During the last nine months of the Civil War, virtually all of the news reports and President Jefferson Davis's correspondence confirmed the imminent demise of the Confederate States, the nation Davis had striven to uphold since 1861. But despite defeat after defeat on the battlefield, a recalcitrant Congress, naysayers in the press, disastrous financial conditions, failures in foreign policy and peace efforts, and plummeting national morale, Davis remained in office and tried to maintain the government -- even after the fall of Richmond -- until his capture by Union forces on May 10, 1865.
The eleventh volume of The Papers of Jefferson Davis follows the last tumultuous months of the Confederacy and illuminates Davis's policies, feelings, ideas, and relationships, as well as the viewpoints of hundreds of southerners -- critics and supporters -- who asked for favors, pointed out abuses, and offered advice on myriad topics. Printed here for the first time are many speeches and a number of new letters and telegrams. In the course of the volume, Robert E. Lee officially becomes general in chief, Joseph E. Johnston is given a final command, legislation is enacted to place slaves in the army as soldiers, and peace negotiations are opened at the highest levels. The closing pages chronicle Davis's dramatic flight from Richmond, including emotional correspondence with his wife as the two endeavor to find each other en route and make plans for the future in the wreckage of their lives.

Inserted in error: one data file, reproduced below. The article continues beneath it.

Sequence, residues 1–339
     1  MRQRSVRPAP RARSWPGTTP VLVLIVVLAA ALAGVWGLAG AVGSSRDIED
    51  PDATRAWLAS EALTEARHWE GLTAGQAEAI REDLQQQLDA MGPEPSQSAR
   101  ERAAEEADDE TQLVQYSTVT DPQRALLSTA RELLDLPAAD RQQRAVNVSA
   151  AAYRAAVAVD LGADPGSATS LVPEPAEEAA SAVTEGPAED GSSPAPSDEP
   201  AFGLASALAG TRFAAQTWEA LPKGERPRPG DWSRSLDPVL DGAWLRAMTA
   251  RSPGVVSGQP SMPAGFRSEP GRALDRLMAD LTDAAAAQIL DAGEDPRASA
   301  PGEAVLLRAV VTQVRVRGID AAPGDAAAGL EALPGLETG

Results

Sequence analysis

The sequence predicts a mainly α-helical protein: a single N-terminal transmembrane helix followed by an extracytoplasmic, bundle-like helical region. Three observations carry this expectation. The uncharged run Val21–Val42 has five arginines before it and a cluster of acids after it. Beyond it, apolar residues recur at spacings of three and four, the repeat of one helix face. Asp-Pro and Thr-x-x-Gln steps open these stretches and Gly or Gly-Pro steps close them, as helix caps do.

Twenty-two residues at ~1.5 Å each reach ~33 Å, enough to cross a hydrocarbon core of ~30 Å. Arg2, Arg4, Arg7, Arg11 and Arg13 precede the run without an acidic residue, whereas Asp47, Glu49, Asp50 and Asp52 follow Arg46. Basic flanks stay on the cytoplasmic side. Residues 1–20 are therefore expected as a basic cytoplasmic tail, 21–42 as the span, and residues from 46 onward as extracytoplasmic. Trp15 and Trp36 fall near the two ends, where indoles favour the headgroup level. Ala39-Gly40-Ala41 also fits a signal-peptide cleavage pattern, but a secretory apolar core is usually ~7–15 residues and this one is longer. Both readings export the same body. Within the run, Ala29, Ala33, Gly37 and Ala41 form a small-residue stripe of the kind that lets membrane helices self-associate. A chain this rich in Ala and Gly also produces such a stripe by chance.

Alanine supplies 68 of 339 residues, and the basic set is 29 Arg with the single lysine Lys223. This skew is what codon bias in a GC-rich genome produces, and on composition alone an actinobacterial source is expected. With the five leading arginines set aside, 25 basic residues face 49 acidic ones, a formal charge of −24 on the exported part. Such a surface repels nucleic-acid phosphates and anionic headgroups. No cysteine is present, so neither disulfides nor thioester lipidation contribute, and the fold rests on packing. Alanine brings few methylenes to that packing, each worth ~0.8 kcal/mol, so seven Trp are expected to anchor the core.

The holdings of seventy different manuscript repositories and private collections in addition to numerous published sources contribute to Volume 11, the fifth in the Civil War period.